Stress Tests After a Stent Procedure

When you need them—and when you don’t

A stent procedure is done to open a blocked artery in your heart. Sometimes people get yearly stress tests afterward to see if the blockage might happen again.

But stress tests usually aren’t helpful after a stent procedure unless you have symptoms of heart disease. Here’s why.

Routine stress tests usually aren’t needed.

Stress tests make your heart work harder to show if it is getting enough blood during exercise.

  • Some tests take pictures using sound waves (ultrasound or echocardiography).
  • Other tests use a small dose of a radioactive substance (nuclear cardiology).

If you don’t have symptoms, the test is unlikely to find a problem or lead to a helpful change in your treatment.

Symptoms will usually tell you if there’s a problem.

Sometimes heart problems return after a stent procedure. If that happens, you usually have symptoms—like chest pain, fatigue, or shortness of breath.

If you do have symptoms, a stress test can help your doctor see what’s going on. It can show if a blockage has returned or if there’s a new blockage. It can also help you and your doctor decide what to do—increase your medicine or get another stent procedure.

The tests may have risks.

Stress tests are usually very safe, and some use little or no radiation. But the tests can give false alarms. These can cause unnecessary worry and anxiety. False alarms can also lead to more tests, such as coronary angiography. And these additional tests may lead to even more procedures and risks.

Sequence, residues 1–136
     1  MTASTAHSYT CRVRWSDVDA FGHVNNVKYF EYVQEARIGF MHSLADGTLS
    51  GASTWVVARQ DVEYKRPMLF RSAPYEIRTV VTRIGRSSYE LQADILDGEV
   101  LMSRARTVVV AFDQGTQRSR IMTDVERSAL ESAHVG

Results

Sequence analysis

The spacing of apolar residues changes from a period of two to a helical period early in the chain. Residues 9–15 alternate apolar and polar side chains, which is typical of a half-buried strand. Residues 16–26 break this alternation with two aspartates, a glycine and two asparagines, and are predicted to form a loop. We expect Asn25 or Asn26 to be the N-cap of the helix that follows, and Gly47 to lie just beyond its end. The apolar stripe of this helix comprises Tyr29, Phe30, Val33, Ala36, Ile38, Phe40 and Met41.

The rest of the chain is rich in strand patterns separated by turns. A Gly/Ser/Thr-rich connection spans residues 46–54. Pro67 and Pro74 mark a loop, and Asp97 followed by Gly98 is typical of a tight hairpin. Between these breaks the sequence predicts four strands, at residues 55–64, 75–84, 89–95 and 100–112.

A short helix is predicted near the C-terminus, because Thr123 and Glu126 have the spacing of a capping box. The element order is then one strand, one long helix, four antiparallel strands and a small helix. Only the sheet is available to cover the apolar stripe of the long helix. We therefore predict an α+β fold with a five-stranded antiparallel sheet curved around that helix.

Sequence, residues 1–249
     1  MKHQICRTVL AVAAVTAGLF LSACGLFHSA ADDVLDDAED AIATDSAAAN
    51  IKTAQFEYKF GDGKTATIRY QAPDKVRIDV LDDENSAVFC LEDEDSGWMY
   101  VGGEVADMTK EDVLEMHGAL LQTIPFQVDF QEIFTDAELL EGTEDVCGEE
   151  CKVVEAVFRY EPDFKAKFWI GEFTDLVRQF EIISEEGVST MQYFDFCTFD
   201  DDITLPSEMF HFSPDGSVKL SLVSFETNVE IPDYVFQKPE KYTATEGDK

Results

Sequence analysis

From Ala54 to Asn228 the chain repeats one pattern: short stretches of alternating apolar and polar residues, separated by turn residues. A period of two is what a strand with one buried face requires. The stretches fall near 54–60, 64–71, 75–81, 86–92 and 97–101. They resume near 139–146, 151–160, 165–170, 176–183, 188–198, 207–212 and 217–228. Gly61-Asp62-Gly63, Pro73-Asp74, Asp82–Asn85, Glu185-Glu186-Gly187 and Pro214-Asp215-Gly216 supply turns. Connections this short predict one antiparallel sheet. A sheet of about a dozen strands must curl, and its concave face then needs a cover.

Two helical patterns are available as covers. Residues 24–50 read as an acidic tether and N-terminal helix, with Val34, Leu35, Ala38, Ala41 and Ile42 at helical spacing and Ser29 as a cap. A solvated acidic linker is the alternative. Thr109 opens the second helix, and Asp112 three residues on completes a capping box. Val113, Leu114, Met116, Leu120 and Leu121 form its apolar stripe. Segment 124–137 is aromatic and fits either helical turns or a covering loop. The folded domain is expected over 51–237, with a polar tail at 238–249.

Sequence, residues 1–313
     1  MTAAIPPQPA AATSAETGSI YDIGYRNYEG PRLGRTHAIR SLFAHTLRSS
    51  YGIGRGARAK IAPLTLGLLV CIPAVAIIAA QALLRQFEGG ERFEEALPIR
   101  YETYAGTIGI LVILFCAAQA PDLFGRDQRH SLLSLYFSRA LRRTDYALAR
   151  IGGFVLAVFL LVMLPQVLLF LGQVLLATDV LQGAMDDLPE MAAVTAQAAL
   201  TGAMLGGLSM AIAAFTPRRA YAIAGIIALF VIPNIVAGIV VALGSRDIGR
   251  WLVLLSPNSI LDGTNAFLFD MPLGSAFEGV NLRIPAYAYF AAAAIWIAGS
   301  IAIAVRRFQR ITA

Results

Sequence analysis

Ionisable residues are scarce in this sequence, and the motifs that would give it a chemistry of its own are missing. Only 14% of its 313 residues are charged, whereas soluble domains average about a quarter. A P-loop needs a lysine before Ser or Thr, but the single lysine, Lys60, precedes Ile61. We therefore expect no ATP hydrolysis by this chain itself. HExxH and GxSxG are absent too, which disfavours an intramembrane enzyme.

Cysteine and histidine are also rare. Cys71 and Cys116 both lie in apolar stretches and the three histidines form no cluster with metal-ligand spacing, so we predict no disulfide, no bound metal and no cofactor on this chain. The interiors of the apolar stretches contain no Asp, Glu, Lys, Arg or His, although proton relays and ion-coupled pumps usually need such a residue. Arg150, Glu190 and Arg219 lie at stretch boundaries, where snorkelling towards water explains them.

Stress tests can be costly.

An imaging stress test costs between $500 and $2,000, depending on where it’s done. If you have additional tests, your costs might be higher. A coronary angiography, for example, costs $8,460, according to Healthcare BlueBook.

When do you need a stress test after a stent procedure?

You may need a stress test if:

  • Your symptoms (chest pain, shortness of breath, or fatigue) come back or get worse.
  • You’re finding it harder to exercise or climb stairs.
  • Your doctor wants to check blockages that weren’t severe enough to treat when your stent was inserted. Your doctor can do this with a single test. You don’t usually need yearly tests.
  • You have had multiple heart procedures in the past, such as stents after a bypass surgery.

This report is for you to use when talking with your health-care provider. It is not a substitute for medical advice and treatment. Use of this report is at your own risk.

© 2015 Consumer Reports. Developed in cooperation with the Society for Cardiovascular Angiography and Interventions Foundation. To learn more about the sources used in this report and terms and conditions of use, please visit ConsumerHealthChoices.org/about-us/.

6/2015